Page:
The NGI weekly spot gas average posted a stellar overall 24 cent gain to $3.93 for trading Nov. 25 and Nov. 26. All locations posted double-digit gains with the exception of three points on Iroquois Pipeline, which each shed less than a dime. Regionally the Northeast was a land of extremes tallying the week's biggest winners and losers. Of the actively traded points Algonquin Citygates made it to the top adding 88 cents to $7.84 and deliveries to Iroquois Zone 2 eased 9 cents to $4.58. Regionally the Northeast outdistanced all section of the country with a 34 cent rise. California trailed the pack with "only" an 18 cent gain.
With many regions of the country receiving their first real doses of winter temperatures, cash prices were buoyed. South Texas and South Louisiana both rose 19 cents to $3.77 and $3.82, respectively, and the Midwest was up 22 cents to $3.98.
Rocky Mountain points added 23 cents to $3.83 and East Texas gained 24 cents to $3.83 as well. The Midcontinent rose 29 cents to $3.86.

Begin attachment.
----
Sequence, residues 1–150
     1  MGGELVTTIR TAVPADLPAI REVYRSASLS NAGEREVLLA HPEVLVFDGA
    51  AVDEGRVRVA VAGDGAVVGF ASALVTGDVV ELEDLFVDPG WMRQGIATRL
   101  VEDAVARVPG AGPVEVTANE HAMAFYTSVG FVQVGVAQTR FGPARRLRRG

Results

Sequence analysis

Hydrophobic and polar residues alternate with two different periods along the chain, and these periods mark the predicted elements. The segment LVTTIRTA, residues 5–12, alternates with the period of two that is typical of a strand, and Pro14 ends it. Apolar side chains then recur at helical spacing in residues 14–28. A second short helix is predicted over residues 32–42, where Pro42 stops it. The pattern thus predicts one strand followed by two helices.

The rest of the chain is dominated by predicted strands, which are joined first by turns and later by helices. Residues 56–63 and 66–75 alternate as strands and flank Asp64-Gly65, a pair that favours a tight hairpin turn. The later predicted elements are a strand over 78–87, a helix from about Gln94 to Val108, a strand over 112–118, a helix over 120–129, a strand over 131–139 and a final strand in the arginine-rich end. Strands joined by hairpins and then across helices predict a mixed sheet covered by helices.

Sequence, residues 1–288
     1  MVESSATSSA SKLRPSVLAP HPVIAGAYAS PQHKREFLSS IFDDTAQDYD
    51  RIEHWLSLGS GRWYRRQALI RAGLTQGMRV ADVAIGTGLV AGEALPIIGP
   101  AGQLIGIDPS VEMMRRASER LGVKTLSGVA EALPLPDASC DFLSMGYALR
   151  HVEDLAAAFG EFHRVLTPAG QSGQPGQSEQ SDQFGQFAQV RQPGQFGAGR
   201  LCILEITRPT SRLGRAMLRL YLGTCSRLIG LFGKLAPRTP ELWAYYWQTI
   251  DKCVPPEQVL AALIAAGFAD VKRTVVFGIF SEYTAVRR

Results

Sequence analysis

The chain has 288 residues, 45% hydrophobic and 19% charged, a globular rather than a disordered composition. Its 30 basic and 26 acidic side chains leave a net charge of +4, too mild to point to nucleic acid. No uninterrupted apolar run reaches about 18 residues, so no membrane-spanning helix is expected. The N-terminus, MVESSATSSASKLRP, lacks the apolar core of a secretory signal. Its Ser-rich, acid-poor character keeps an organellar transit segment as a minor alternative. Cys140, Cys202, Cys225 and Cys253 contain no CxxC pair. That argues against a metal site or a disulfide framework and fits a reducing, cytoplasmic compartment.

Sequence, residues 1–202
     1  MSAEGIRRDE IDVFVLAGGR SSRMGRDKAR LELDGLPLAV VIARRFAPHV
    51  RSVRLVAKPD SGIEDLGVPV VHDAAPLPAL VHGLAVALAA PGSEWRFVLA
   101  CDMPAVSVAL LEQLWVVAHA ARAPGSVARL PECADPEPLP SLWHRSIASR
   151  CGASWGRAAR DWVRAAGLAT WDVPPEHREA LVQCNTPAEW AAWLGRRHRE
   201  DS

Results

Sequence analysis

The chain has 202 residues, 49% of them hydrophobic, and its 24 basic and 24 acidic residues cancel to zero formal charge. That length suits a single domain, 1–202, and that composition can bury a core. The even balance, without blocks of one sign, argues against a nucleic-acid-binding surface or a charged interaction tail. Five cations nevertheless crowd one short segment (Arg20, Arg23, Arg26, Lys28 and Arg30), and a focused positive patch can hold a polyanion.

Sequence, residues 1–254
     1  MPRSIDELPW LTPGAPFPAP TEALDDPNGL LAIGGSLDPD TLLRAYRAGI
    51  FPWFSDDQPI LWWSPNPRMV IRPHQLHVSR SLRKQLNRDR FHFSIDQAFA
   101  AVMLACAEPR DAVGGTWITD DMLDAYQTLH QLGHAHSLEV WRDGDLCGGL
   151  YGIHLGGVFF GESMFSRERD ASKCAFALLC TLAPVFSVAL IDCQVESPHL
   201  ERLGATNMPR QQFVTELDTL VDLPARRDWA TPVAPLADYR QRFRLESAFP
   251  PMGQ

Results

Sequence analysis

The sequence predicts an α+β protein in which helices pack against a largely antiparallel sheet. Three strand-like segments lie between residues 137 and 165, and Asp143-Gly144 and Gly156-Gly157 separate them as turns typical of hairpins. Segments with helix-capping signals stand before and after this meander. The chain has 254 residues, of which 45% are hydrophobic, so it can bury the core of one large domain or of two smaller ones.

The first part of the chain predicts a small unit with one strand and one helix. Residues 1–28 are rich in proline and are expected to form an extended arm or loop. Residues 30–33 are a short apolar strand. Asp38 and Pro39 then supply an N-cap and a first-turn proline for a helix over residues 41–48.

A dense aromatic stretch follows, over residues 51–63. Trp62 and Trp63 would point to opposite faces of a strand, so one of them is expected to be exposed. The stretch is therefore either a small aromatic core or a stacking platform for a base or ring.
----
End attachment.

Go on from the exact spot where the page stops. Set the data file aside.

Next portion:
For the short trading week, January futures rose 5.3 cents to $3.895.
Traders Wednesday were treated to a surprise in the form of the market's reaction to the weekly Energy Information Administration (EIA) storage report. The EIA reported a withdrawal of 13 Bcf for the week ending Nov. 22, about what traders were expecting, but prices advanced nonetheless. At the close of trading January had risen 3.1 cents to $3.895.
"I don't know why the market rallied off the number. It was -13 and the market was looking for -12," said a New York floor trader. "A difference of 1 Bcf makes the market move?" he queried. "It wasn't really a bullish number."